Blood pressure measured near the heart is significantly higher during sleep than originally thought, according to a new technology developed by scientists at UCL. Blood pressure at night is an important predictor of both stroke and heart disease, with previous research suggesting that blood pressure calculated via the arm decreases at night during sleep. But the current study reveals that night-time reduction in blood pressure may be less significant than originally thought. The findings, published in the journal Hypertension, reveal important implications for the assessment of future therapies, because drugs used to treat high blood pressure can have widely different effects on pressure near the heart, compared to the historic method of the arm. The researchers worked with a Singaporean technology company to develop a portable wrist watch-based device that has a sensor in the strap that finds the pulse wave at the wrist, instead of calculating the pressure directly. By modeling the pulse wave mathematically, the team was able to correctly calculate pressure at the aortic root near the heart for a full 24 hours without bothering the people who were being monitored. It affects over 12 million people in the UK and is the single most important preventable cause of premature death. This study provides the first ever description of the natural variation in blood pressure throughout the day and night in which measurements have been taken close to the heart. What we have shown is that pressures by the heart do not dip as much during sleep as we previously thought based upon conventional pressure measurements taken from the arm.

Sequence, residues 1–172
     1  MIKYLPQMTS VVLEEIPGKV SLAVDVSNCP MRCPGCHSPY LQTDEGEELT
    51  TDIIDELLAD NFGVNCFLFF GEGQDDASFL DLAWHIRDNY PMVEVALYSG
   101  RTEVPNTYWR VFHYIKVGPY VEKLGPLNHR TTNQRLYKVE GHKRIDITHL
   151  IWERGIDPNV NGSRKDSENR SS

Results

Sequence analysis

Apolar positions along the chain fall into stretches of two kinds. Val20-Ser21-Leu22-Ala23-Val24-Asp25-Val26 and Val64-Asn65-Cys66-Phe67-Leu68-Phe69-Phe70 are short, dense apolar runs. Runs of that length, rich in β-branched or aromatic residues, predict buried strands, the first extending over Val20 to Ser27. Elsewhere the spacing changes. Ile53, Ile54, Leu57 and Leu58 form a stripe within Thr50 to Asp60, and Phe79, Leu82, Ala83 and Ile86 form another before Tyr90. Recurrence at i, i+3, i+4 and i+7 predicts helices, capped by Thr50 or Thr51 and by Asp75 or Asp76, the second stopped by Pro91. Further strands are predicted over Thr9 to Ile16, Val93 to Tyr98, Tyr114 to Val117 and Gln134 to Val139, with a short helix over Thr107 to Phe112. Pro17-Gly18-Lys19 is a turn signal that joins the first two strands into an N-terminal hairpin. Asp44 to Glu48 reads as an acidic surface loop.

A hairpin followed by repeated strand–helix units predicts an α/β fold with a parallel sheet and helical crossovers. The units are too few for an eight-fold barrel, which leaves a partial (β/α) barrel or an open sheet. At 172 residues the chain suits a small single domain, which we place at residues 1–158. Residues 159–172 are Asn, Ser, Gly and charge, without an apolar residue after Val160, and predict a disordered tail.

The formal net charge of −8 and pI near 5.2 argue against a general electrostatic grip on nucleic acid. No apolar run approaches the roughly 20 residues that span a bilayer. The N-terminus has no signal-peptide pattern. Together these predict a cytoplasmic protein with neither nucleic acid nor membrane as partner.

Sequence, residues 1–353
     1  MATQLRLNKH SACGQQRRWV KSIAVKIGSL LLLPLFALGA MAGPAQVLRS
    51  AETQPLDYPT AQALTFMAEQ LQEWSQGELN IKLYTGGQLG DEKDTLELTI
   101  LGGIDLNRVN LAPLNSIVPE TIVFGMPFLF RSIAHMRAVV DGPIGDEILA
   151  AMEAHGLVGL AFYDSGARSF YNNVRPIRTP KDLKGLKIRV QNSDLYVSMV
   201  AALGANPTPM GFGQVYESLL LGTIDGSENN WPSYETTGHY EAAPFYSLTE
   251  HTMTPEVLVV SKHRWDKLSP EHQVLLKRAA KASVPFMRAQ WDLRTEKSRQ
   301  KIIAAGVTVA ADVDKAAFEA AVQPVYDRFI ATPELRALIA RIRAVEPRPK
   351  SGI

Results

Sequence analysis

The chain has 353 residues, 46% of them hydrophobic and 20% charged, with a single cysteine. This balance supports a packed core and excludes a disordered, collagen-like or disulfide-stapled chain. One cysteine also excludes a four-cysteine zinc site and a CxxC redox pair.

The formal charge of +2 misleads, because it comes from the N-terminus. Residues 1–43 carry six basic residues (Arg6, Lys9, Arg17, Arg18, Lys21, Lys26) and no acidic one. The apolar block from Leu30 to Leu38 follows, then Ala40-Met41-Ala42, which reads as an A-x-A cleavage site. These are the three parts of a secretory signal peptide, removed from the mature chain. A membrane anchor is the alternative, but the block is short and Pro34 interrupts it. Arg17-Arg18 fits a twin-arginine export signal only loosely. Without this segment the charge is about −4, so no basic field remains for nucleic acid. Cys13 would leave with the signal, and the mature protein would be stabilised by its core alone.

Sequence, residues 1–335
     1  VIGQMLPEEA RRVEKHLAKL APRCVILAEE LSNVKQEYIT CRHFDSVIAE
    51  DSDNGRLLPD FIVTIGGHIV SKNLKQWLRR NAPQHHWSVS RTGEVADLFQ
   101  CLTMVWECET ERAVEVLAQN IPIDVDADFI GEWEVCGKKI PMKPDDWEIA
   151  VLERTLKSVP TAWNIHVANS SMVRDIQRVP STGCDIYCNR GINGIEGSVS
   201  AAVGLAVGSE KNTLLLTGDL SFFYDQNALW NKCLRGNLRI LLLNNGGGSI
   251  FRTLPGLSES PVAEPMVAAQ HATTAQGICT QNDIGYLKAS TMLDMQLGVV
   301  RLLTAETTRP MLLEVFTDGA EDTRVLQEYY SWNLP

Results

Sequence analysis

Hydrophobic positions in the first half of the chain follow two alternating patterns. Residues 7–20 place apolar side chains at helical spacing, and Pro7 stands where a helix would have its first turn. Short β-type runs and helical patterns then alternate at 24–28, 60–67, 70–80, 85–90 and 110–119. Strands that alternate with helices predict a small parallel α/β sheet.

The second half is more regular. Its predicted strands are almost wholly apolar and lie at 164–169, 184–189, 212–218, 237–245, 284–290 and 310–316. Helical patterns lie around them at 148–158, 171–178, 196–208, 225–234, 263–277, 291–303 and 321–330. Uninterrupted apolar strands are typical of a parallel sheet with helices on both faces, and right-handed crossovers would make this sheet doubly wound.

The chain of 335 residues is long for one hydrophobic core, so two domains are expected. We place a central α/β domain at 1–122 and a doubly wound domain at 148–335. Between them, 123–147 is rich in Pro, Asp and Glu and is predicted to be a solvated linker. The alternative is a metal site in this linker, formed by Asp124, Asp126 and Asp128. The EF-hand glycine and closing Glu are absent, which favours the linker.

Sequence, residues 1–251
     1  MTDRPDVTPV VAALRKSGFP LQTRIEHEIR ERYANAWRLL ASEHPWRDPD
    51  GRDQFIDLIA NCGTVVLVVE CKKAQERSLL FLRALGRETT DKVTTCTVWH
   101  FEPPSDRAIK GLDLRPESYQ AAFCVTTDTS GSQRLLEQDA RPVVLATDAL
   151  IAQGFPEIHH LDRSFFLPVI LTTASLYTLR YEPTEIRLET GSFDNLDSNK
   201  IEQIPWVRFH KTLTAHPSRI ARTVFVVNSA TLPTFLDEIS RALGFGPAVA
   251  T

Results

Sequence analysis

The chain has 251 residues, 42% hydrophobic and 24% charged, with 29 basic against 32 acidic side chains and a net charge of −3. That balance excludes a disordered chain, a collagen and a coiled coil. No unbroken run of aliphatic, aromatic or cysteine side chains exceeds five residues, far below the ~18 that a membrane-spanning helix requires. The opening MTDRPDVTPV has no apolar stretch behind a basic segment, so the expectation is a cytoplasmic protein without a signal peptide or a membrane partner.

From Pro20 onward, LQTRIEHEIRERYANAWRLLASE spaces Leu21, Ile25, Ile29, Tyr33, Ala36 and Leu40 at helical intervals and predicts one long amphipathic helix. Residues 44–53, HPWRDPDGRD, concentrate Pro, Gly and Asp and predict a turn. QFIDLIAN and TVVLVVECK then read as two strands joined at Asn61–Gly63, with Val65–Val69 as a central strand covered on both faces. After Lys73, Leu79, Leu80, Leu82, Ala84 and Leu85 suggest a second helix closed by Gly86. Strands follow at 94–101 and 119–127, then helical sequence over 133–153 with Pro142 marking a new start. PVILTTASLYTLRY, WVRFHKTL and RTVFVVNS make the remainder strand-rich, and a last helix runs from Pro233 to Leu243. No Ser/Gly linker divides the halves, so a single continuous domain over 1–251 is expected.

Alcohol: Does it affect blood pressure? Who Is at Risk for Morning Hypertension? Blood pressure can be increased when our heart beats faster and harder or if our blood vessels tighten, making a narrower opening for the blood to flow through. Heart health is a numbers game. You are not alone! Recent data on the effect of sleep and sleep disorders on BP and hypertension will be explored. Overall, those who had lower sleep efficiency showed an increase in blood pressure during that restless night. Try a piece of fruit instead of ice cream or cake for dessert.
Question: I am 23 years old and in pretty good health. I have three children, and towards the end of each pregnancy, I have developed high blood pressure. The doctor performed an electrocardiogram EKG, and the results were abnormal — she said that the left side of my heart is enlarged. She referred me to a cardiologist, and I have an appointment next week. I am very concerned.